Coria and its attractions

Coria is a city and municipality in the province of Cáceres, located in the northwest of the autonomous community of Extremadura (Spain).

It has the distinction of Very Noble and Very Loyal City of Coria.

The city is the episcopal seat of the diocese of Coria-Cáceres and capital of the judicial party No. 2 of the province.

At present, Coria is the most important city in the northwest of the province and an important commercial and tourist center, preserving a large number of monuments and celebrating an annual Extremadura and national festival of tourist interest in honor of San Juan.

Tourism and main attractions

Military architecture

Coria wall, of Roman origin (3rd-4th centuries), with Arabic and medieval additions. It is preserved in its entirety. It has four doors, two Roman and two later.


Coria Castle, built between 1472-1478 by the architect Juan de Carrera, by order of the Dukes of Alba and the Marquis of Coria.

Religious architecture

Cathedral of Santa María de la Asunción, transitional Gothic, with important Plateresque additions (according to the traces of Pedro de Ybarra) and Baroque (bell tower designed by Manuel de Lara Churriguera). Inside it keeps a magnificent collection of paintings, sculptures and goldsmiths. The main altarpiece from the 18th century stands out with carvings by Alejandro Carnicero as well as the episcopal tombs of Pedro Ximénez de Préxamo by Diego Copín de Holanda and Pedro García de Galarza by Lucas Mitata.

The choir should also be mentioned, with a Mudejar walnut stalls from the 15th-16th centuries and closed by a pro-Renaissance gate from the 16th century, as well as the grille of the main chapel (16th and 18th centuries) and the altarpieces of the Relics ( 18th century) and San Pedro de Alcántara (17th century).

Episcopal Palace, built in 1628 on the old “Episcopal Houses” in baroque style, by order of Bishop Jerónimo Ruiz Camargo. It preserves a defensive brick tower with a Mudejar aspect. It has recently been rehabilitated and converted into a hotel luxury.

Hermitage of Nuestra Señora de Argeme, baroque from the 17th century, deeply restored in 2006.  Dome decorated with fresco and main altarpiece from the XVIII century. It preserves the titular patron image of the city and the Diocese, a black Virgin from the 12th century.

Convent of the Mother of God, run by Franciscan women of the T.O.R. and founded in the 13th century, although the current building dates from the 14th-16th centuries. 16th-century church with a baroque main altarpiece from the 17th century and Rococo side altarpieces from the XVIII century. 16th century Renaissance cloister, with well and trapezoidal plan, with Mudejar pavement and a collection of paintings and ivories, highlighting a panel by Pedro Machuca.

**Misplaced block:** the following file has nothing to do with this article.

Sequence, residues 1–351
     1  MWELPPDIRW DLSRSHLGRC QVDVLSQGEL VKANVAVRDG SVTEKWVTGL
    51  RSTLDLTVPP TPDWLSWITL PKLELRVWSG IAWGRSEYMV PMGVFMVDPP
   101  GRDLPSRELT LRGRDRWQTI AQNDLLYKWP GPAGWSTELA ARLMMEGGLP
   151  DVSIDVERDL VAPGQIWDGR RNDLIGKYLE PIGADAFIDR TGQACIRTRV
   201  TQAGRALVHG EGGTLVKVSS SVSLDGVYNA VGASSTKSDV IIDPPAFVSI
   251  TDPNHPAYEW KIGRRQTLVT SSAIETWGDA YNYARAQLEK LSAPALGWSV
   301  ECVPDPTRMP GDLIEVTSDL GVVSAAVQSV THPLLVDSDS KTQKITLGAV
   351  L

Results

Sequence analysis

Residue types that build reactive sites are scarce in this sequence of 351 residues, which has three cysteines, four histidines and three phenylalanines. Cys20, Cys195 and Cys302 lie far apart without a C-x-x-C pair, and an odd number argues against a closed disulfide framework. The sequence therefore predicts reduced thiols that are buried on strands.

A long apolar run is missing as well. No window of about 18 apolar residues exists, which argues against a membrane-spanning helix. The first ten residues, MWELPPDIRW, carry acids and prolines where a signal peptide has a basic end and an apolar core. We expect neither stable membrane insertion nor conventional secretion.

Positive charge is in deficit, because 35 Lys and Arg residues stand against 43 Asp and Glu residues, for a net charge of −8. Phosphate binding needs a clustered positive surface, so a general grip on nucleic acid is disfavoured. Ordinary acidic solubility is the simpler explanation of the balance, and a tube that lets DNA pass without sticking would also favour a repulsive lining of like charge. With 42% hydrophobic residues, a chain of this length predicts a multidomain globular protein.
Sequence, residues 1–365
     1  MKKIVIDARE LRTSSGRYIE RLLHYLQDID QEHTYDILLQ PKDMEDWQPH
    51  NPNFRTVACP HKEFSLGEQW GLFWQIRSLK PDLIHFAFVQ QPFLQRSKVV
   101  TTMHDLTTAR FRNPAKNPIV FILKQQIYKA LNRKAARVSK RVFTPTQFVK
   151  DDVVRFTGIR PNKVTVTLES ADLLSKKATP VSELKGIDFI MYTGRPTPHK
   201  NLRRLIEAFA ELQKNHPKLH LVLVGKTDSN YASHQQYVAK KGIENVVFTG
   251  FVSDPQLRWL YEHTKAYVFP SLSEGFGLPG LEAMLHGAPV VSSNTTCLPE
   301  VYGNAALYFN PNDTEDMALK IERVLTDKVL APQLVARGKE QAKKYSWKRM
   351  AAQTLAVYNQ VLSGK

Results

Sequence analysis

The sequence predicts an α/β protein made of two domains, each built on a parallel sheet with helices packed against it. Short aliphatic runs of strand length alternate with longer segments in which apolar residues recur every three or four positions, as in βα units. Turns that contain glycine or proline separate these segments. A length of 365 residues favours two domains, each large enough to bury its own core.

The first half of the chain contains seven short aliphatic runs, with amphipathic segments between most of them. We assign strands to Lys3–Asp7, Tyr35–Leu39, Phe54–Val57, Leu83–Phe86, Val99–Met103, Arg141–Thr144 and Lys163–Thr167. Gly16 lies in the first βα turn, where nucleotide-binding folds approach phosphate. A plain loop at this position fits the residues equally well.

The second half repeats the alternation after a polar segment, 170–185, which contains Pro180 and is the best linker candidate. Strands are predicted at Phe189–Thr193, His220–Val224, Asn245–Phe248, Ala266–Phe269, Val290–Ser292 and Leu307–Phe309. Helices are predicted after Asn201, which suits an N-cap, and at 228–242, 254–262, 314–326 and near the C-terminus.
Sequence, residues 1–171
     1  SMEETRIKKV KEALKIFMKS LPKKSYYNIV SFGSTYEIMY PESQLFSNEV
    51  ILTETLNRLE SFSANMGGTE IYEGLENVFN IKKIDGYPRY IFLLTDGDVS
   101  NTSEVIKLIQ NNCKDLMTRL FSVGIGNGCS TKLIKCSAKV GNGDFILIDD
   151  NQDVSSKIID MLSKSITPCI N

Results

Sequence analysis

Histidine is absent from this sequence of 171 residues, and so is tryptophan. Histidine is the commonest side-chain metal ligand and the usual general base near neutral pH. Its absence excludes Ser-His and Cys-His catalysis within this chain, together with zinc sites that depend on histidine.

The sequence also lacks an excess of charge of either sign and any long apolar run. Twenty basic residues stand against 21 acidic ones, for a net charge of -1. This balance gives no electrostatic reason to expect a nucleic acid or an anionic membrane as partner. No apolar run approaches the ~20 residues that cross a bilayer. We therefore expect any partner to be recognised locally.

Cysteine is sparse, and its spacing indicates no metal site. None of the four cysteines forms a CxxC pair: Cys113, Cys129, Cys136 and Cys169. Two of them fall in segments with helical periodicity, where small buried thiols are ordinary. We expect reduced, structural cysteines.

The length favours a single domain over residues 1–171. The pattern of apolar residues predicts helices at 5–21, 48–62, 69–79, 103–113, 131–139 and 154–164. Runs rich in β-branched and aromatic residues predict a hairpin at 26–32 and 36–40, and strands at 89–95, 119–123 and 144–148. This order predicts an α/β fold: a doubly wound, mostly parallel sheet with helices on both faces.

Old Conciliar Seminary, founded in the 17th century by Bishop Jerónimo Ruiz Camargo, and remodeled in the 19th century by Bishop Beltrán. It is currently abandoned.

Church of Santiago Apóstol, baroque from the 16-18th centuries, preserves a baroque belfry, designed by Manuel de Lara Churriguera. Its Mannerist high altar from the 16th century has recently been restored with important reliefs in the Berruguete style. Of its movable heritage it is worth highlighting the image of the Christ of the Afflicted, from the 15th century.

Other monuments

Old bridge or stone bridge, built in 1518, probably on a previous one of medieval origin, and another of Roman origin may have existed.

Palace of the Dukes of Alba, from the 15th-16th centuries. Built in the Gothic-Renaissance style, it combines elements of a military bastion and a stately palace, in which two Mudejar patios and the exceptional Garden-viewpoint with a Renaissance belvedere from the 16th century stand out. It belonged to the family of Rafael Sánchez Ferlosio, winner of the Cervantes award, who have recently sold it to Caurian businessmen engaged in a local hospitality project.

Via Dalmacia: remains of the old Roman road, highly restored in the 17th century.

Hospital de San Nicolás de Bari, dates from the 16th century, preserves the façade and cistern.

Alhóndiga, originally from the 16th century. Facade with the municipal coat of arms from the 16th century. Today it houses the “Sánchez Ferlosio” Municipal Library.

Old Town Hall, an original building from the 15th century with a multitude of later reforms. Today it is the seat of the municipal school of music.

Iron bridge, completed in 1909, according to a project by the engineer Basilio Beamonte, is one of the few examples of iron architecture in the region.


Museum of the history of the City, located in the building of the Royal Prison, containing some archaeological pieces and the “Fuero de Coria” of medieval origin.

The Cathedral Museum, set up in the cathedral cloister of the 14th-15th centuries, shows important sacred pieces from the 14th-19th centuries, highlighting the relic of the Tablecloth of the Holy Supper and its elaborate Madrid chest from the 17th century, an autograph page of the “Summa “of Santo Tomás de Aquino, a very interesting collection of paintings on copper from the Rubens School and the images of San Miguel and San Sebastián carved by José Salvador Carmona.

Coria Botanical Garden, two kilometers from the city, on the road from Coria to Cáceres. It exhibits the native vegetation of the Mediterranean forest present in Extremadura.

How to get to?

From Mérida 1 hr 21 min (137 km) via A-66

From Cáceres 47 min (67.6 km) via A-66 and EX-109

From Badajoz 1 hr 47 min (158 km) via N-523 and A-66

From Plasencia 33 min (47.3 km) via EX-A1

From Madrid 2 hr 43 min (276 km) via A-5 and EX-A1

Main information

Area: 103 sq. km (municipality)

Coordinates: 39°58′55″N 6°32′14″W

Population: 12 366

Languages: Spanish

Currency: Euro

Visa: Schengen

Time: Central European UTC +1


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